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   I am a sheep 

Who will feed me_.jpg


Gulzat Egemberdieva


Thomas Lahusen 

Digital HD, color & black & white, 10'50" (2023)




Tyup, Kyrgyzstan

Using footage shot in Kyrgyzstan and Soviet archival footage and photography, this 10-minute film tells the story of sheep, starting from ancient times, when they grazed on the meadows of Central Asia, crossing, together with their nomadic masters, the snowy mountains in search of new pastures. Illustrated by J. S. Bach’s Cantata BWV 208 “Schafe können sicher weiden” (Sheep can safely graze), their existence is brutally interrupted by the arrival of new masters, coming “from beyond the mountains” to implement what can be called the beginnings of (Soviet) industrial (animal) farming. The film is narrated from the point of view of its heroes, whose responses are not only subtitled in English, German, Kyrgyz (or possibly any other language), but utterly human, like that sheep, calling desperately for her mother at the beginning of the film, and her brother or sister in fate, who is violently thrown on a truck in the middle of an animal market to be slaughtered, and looks at us with eyes saying simply : “I am a sheep, after all.”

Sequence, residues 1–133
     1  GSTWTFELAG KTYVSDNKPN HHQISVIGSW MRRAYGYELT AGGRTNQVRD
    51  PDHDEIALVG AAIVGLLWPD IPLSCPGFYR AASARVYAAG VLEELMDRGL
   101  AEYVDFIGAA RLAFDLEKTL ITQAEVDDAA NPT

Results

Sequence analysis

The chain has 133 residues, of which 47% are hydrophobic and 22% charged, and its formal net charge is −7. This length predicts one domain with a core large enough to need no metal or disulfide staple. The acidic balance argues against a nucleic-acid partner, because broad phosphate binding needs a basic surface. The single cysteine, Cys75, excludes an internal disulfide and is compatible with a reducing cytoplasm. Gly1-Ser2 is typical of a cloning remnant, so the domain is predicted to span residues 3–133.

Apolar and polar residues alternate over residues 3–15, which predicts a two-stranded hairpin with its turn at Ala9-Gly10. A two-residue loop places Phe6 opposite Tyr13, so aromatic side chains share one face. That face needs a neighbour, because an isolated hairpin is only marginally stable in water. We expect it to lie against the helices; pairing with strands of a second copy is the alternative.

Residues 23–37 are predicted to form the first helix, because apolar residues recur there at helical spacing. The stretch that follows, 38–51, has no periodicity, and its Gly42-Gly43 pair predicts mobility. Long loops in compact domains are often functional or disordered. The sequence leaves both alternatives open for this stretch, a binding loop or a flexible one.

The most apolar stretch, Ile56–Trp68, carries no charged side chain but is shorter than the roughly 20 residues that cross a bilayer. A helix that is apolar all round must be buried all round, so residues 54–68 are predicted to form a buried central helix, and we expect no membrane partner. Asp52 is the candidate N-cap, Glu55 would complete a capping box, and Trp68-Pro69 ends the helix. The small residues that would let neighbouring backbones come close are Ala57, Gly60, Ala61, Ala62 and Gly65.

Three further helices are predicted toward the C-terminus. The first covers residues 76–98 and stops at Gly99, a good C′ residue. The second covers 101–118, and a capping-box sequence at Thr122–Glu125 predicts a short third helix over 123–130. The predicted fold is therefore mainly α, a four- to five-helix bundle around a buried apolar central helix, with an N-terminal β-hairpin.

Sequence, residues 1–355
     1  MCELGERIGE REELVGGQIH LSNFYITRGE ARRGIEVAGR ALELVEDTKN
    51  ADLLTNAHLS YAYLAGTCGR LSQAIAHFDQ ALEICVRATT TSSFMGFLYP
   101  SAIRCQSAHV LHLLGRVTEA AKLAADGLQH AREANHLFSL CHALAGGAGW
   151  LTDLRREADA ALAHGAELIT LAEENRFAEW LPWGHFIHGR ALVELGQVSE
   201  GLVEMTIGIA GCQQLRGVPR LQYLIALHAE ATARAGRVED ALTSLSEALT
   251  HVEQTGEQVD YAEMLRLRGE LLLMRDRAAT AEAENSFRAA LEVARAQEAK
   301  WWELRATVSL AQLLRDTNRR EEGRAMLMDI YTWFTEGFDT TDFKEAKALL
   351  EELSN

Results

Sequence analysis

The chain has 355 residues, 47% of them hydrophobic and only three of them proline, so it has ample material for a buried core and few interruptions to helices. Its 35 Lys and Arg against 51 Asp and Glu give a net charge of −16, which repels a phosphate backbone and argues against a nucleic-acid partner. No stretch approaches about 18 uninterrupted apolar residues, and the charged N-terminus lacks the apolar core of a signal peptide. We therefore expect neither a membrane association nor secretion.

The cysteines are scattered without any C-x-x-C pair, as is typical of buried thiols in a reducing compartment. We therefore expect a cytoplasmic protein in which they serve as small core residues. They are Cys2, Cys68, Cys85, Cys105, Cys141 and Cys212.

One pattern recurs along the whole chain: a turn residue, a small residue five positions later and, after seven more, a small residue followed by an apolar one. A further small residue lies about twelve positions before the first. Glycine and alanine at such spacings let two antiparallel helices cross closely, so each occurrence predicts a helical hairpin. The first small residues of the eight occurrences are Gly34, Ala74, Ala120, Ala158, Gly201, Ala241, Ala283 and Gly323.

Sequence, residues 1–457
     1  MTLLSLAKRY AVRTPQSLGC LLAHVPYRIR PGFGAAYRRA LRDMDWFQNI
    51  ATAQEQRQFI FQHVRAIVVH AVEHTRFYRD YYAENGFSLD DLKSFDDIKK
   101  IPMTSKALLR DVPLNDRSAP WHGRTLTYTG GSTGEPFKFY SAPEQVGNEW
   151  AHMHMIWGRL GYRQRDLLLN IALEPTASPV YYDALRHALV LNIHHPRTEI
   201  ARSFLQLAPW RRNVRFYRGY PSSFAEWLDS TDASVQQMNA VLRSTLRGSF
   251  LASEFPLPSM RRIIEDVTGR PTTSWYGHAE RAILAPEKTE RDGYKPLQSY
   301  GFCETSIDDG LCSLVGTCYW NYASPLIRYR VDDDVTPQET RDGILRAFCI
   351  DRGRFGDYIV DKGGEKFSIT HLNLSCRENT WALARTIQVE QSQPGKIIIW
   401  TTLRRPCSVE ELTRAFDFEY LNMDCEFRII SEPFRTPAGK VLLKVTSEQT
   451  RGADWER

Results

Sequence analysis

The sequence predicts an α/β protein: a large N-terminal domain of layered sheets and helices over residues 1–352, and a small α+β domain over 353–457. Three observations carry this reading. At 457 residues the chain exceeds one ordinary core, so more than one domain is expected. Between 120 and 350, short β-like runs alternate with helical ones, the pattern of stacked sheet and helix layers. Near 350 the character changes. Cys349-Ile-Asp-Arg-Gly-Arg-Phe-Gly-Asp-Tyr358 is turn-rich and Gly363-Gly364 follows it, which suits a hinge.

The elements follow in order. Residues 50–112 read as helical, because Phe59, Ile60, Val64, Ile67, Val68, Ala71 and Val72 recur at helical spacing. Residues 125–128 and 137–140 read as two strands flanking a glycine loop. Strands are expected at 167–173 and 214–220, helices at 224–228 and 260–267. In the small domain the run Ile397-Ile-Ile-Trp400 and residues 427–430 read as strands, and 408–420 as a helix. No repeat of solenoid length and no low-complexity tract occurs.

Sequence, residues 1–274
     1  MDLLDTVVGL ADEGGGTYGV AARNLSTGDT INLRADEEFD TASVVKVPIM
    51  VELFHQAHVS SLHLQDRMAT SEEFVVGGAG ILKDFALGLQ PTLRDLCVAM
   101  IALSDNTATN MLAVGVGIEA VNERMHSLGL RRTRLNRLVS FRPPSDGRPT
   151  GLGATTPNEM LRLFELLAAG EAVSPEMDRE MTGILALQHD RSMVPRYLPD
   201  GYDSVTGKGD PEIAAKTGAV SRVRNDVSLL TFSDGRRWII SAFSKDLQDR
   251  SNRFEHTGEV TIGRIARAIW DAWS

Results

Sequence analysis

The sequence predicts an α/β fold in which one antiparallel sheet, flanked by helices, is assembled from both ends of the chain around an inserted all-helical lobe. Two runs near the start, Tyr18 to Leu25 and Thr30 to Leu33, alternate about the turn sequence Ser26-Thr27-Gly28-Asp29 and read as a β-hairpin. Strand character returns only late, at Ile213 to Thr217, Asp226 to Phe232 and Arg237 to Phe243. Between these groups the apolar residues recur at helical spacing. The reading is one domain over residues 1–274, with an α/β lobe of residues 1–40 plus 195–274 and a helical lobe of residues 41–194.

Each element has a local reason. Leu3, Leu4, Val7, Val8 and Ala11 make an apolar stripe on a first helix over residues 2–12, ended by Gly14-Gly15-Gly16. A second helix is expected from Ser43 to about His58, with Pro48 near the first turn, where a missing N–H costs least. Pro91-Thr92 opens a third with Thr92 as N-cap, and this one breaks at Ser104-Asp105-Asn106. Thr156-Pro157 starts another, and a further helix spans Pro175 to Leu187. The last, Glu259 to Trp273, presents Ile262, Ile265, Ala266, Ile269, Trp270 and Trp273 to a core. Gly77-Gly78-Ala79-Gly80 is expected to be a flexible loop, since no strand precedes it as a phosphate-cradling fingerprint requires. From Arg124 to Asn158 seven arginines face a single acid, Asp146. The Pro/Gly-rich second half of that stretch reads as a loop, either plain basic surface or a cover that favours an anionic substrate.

By giving voice to these sheep, the film addresses some of the pressing questions of today: the loss of dignity by those who have been colonized, used, and oppressed by “new masters,” and, with the disappearance of the “good shepherd” to watch over us, the catastrophe that economic and industrial indefinite growth has brought to the world we all live in.

8000 years ago
New masters
New masters 2
Becoming many
I'm not her mother
I grew up
I am sheep, after all!
The good shepherd
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